Creating the Multicultural Organization: A Strategy for Capturing the Power of Diversity / Edition 1 available in Hardcover
As the war for talent rages on, organizations are seeking proven methods for leveraging diversity as a resource. Creating the Multicultural Organization challenges today's organizations to stop "counting heads for the government" and begin creating effective strategies for a more positive approach to managing diversity. Using a model outlined in his earlie rworks, Taylor Cox Jr.an associate professor at the University of Michigan Business School and president of his own consulting firmshows readers the many practical and innovative ways that top organizations such as Alcoa effectively address diversity issues to secure and develop the talent that they need in order to succeed.
A University of Michigan Business School Series Book
About the Author
TAYLOR COX is associate professor of organizational behavior and human resource management at the University of Michigan Business School. He is also founder and president of Taylor Cox and Associates, Inc., a research and consulting firm specializing in organization change and development work for clients with culturally diverse workforces and markets. One of his previous book's, Cultural Diversity in Organizations: Theory, Research, and Practice, was a cowinner of the National Academy of Management's 1994 George R. Terry Book Award.
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The Challenge ofManaging Diversity
The Challenge ofManaging Diversity
As we enter the twenty-first century, human capital has taken center stage in the business strategies of enlightened organizations. Attracting, retaining, and effectively using people are increasingly the top priorities of leaders in all kinds of organizations, from high-tech firms to universities, from government agencies to heavy manufacturing firms. In the United States a very tight labor market has intensified the focus on leveraging human capital in recent years. Compounding the challenges posed by more jobs chasing fewer people are additional challenges posed by the increasing diversity of people with the skills to do the work those jobs require.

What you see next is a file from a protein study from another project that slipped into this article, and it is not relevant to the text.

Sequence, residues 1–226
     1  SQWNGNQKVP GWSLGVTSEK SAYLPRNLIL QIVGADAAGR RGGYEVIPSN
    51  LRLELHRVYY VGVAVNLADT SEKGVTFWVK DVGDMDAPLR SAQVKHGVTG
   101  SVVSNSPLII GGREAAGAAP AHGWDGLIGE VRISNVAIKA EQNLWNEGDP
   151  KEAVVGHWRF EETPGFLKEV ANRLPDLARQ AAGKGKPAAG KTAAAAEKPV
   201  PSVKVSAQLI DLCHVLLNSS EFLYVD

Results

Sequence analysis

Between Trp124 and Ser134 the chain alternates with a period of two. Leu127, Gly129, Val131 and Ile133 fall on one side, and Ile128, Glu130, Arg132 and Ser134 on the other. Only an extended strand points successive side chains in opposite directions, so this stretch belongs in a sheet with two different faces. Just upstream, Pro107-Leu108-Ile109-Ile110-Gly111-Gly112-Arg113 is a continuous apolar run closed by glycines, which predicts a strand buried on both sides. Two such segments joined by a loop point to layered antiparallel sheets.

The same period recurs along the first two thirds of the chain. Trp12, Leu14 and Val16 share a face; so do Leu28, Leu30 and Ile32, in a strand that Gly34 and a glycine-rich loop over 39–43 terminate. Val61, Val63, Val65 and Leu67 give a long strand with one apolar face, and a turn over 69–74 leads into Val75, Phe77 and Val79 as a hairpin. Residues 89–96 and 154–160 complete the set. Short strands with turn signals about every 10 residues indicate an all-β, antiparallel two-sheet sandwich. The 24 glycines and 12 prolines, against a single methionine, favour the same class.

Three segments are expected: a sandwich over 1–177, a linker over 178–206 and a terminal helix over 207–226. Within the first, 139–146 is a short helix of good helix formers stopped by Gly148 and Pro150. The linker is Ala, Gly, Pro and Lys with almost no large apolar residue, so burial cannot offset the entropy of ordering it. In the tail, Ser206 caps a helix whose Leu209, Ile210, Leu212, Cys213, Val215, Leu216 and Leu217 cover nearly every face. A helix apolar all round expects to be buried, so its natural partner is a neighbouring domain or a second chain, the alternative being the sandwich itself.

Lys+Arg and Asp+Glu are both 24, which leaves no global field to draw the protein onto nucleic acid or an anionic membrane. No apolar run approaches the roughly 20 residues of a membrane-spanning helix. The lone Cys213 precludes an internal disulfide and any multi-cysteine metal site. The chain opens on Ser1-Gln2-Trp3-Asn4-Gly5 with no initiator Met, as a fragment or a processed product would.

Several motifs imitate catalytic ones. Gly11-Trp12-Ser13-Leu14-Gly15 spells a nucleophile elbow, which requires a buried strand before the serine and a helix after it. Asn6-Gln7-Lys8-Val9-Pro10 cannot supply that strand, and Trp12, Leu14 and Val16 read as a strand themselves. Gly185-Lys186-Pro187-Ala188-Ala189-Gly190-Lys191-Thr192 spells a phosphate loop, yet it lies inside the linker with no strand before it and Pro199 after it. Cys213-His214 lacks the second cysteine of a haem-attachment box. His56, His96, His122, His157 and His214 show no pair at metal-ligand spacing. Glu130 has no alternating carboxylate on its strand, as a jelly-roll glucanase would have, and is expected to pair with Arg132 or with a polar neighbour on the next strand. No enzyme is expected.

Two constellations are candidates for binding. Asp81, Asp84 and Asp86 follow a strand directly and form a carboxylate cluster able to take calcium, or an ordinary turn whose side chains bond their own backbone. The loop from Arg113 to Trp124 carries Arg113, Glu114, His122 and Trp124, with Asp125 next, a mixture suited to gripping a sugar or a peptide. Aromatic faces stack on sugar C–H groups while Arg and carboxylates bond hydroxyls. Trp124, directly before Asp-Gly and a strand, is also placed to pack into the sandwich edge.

Consider, for example, the case of gender diversity. In the 1950s three of every four college degrees in the United States went to men; in recent years the majority (around 54 percent) of college graduates have been women. Similarly, in 1971 U. S. women earned fewer than 4 percent of all graduate-level business management degrees; by the early 1990s this figure had multiplied more than sevenfold to around 30 percent. In hot technical fields like engineering, the rates of increase in the participation of women have been even greater.
The shift of worker identity is not limited to gender. Fueled by a variety of factors, including differential birth rates, work groups are increasingly diverse in terms of race and national origin. In addition, more and more organizations are reorganizing work so that it is performed by teams composed of people from different organizational levels and work specializations.
These trends and others, such as increases in the number of working mothers and dual-career couples, make managing diversity a critical competency for today's organizations. Although forward-thinking executives have acknowledged the importance of an effective response to these trends for years, many are finding that the challenges of diversity are not easily met. After more than a decade of work following the clarion calls spawned by the Workforce 2000 report of the Hudson Institute in 1987, many organizations are finding that the goal of creating a multicultural work culture that both welcomes and leverages diversity remains elusive.
This book tells the story of my experience with developing and implementing a process of organizational change for improving the climate for diversity. I do not claim to have all the answers; nor do I claim that the organizations I will discuss as examples have arrived at some final stage of diversity inclusiveness. The work is producing such promising results, however, that it is timely to share what I have learned with others who are embarked on this kind of transformational change.